Publication - Publication

Fuel poverty and extreme fuel poverty: estimates

Published: 14 May 2019
Directorate:
Housing and Social Justice Directorate
Part of:
Housing
ISBN:
9781787818286

This publication provides the latest estimates of Fuel Poverty and Extreme Fuel Poverty under the proposed new definition, following the amendments agreed at Stage 2 of the Fuel Poverty (Targets, Definition and Strategy) (Scotland) Bill.

19 page PDF

566.0 kB

19 page PDF

566.0 kB

Contents
Fuel poverty and extreme fuel poverty: estimates
A comparison of fuel poverty and extreme fuel poverty rates between the current and proposed new definition, across a range of household and dwelling characteristics for 2017.

19 page PDF

566.0 kB

A comparison of fuel poverty and extreme fuel poverty rates between the current and proposed new definition, across a range of household and dwelling characteristics for 2017.

There was very little change in the overall fuel poverty rate in 2017 under the proposed new definition (23.7%) compared with the current definition (24.9%). However the rate of extreme fuel poverty increased from 7.0% to 11.9%.

The impact of the new definition in 2017 was similar to that which was previously identified based on the 2016 and 2015 Scottish House Condition Survey (SHCS) data, which were published in Equality Impact Assessments[2]. However, the analysis in this paper is for a wider range of household and dwelling characteristics and also includes comparisons of rates of extreme fuel poverty.

There was a substantial decrease in fuel poverty rates in rural areas between the current definition (43%) and the new definition (29%), which can be explained by the introduction of an income threshold under the new definition. However, there was little change in the rate of extreme fuel poverty in rural areas between the current definition (16%) and the new definition (19%). This means that the gap between the fuel poverty rate and extreme fuel poverty rate in rural areas was narrower under the new definition than the current definition. This suggests that around two thirds of rural households that are still in fuel poverty after the income threshold has been applied, are experiencing extreme fuel poverty.

In urban areas, fuel poverty rates were slightly higher under the new definition (23%) than the current definition (21%), and extreme fuel poverty rates also saw an increase, from 5% under the current definition to 10% under the new definition.

Under the new definition, almost half of all fuel poor households (47%) were 'other' household types (where all adults are under 65 with no children), while around a third were older households and 17% were families. This is a shift from the current definition where older households made up around half of fuel poor households, over a third were other households, and families made up 11% of fuel poor households.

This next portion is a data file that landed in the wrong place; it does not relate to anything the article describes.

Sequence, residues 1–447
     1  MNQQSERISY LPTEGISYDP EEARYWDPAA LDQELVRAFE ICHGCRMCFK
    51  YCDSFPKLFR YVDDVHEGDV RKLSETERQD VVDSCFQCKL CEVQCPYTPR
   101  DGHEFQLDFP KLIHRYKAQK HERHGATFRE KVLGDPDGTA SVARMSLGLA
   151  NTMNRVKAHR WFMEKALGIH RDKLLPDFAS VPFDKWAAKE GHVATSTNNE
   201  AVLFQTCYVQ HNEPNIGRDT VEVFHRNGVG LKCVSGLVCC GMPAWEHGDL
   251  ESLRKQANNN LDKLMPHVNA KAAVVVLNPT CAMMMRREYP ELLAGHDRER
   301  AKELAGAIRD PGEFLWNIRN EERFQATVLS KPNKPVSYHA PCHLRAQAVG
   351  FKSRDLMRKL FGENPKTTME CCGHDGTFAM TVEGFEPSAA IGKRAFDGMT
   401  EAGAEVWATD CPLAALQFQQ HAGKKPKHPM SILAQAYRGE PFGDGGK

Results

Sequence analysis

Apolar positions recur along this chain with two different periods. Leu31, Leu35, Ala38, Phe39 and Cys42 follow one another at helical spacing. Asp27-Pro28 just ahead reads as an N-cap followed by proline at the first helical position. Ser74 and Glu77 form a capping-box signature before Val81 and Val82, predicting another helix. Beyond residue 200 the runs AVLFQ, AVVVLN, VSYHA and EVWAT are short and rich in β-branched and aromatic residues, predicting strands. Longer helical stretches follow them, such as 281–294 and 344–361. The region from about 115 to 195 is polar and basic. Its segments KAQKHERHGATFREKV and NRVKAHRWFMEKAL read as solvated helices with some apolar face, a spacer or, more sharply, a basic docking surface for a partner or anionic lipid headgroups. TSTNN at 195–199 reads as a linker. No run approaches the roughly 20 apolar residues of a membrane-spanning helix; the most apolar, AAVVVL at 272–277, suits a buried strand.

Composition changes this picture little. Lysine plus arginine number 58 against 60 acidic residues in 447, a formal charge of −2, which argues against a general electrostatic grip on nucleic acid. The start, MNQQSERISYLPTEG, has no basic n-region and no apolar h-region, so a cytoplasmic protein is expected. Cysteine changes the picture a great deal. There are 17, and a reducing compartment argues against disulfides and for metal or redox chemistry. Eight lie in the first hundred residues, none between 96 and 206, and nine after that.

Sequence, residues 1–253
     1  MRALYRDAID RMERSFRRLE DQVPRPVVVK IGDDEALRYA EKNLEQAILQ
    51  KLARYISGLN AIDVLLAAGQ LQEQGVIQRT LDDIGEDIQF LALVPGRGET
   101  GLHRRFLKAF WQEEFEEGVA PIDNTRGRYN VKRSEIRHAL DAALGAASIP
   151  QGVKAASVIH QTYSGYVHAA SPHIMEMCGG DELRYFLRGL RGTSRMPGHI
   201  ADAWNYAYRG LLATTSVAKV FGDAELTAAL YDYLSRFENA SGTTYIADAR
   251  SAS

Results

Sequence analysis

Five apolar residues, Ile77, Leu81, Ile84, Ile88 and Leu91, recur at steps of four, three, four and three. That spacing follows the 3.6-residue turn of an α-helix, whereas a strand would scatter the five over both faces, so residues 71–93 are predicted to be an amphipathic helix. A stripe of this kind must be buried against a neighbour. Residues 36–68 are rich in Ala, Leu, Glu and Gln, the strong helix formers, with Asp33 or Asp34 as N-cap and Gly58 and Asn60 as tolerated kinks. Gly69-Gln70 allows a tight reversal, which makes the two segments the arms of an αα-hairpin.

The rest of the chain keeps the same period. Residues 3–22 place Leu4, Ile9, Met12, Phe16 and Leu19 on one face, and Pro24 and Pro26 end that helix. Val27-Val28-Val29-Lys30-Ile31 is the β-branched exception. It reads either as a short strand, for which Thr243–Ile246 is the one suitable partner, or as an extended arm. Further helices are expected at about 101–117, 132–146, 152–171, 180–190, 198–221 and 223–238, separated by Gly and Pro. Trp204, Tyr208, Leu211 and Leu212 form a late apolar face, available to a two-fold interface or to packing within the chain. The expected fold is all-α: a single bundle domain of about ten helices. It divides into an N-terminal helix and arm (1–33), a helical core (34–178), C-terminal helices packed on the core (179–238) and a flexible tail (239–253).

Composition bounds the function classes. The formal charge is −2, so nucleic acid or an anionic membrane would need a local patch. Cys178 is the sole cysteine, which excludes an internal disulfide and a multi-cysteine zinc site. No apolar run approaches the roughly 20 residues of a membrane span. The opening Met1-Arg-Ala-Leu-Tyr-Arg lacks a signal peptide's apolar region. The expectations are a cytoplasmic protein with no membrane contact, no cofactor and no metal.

For older households, the new definition showed lower fuel poverty rates than the current definition (39% under the current definition and 26% under the new definition in 2017), while the opposite trend was seen for families and 'other' households (where all adults are under 65 with no children). For 'other' household types, fuel poverty was at 21% under the current definition and 26% under the new definition and for families was at 12% under the current definition and 17% under the new definition. Extreme fuel poverty rates were higher under the new definition than the current definition for all household types, with the largest increase seen for other households (up from 6% under the current definition to 13% under the new definition).

The new definition resulted in higher fuel poverty rates than the current definition for households in the social sector and private rented sector, and this was also true for extreme fuel poverty, although for private rented homes the magnitude of the change was larger (from 8% under the current definition to 24% under the new definition), than for social rented homes (6% under the current definition and 16% under the new definition).

Local Authority and Housing Association homes showed higher fuel poverty rates under the new definition than the current definition, and this trend was also observed for extreme fuel poverty for these households. Households that were owned outright showed much lower fuel poverty rates under the new definition (from 35% under the current definition to 18% under the new definition), however the change in extreme fuel poverty rates for owned outright households was small (12% under the current definition and 11% under the new definition). For mortgaged households, the change in fuel poverty and extreme fuel poverty rates was very small.

Dwellings in the most efficient EPC bands (B-C) showed increases in both fuel poverty and extreme fuel poverty rates (fuel poverty up from 13% under the current definition to 20% under the new definition, and extreme fuel poverty up from 2% to 7%). This trend will have been driven by the characteristics of people living in these houses, rather than energy efficiency itself. The people living in the most energy efficient homes who are brought into fuel poverty under the new definition would have had higher housing costs relative to income, which increases the proportion of their after housing cost income spent on fuel, as well as having low incomes. The fuel poverty rate showed relatively large decreases for households living in lower energy efficiency bands (E, F & G), and extreme fuel poverty showed a modest increase for dwellings in Band E from 16% to 21%. For dwellings in Bands F and G, there was no change in the extreme fuel poverty rate, with the rate remaining high at 38%, although the fuel poverty rate for these households did decrease from 69% to 45% between the current and new definition.

The breakdown by net weekly income bands showed that the poorest households (where net income was <£200 per week) had lower rates of fuel poverty under the current definition (88%) than the new definition (93%), and a substantially higher rate of extreme fuel poverty (up from 39% under the current definition to 67% under the new definition). Where net income was £200-£300 per week, there was an increase in fuel poverty, albeit to a lesser extent than the bottom income band, from 51% under the current definition to 55% under the new definition, and a corresponding increase in extreme fuel poverty (from 11% under the current definition to 22% under the new definition). All households with higher income bands (i.e. above £300 per week) showed lower fuel poverty rates under the new definition than the current definition, and no change in extreme fuel poverty rates.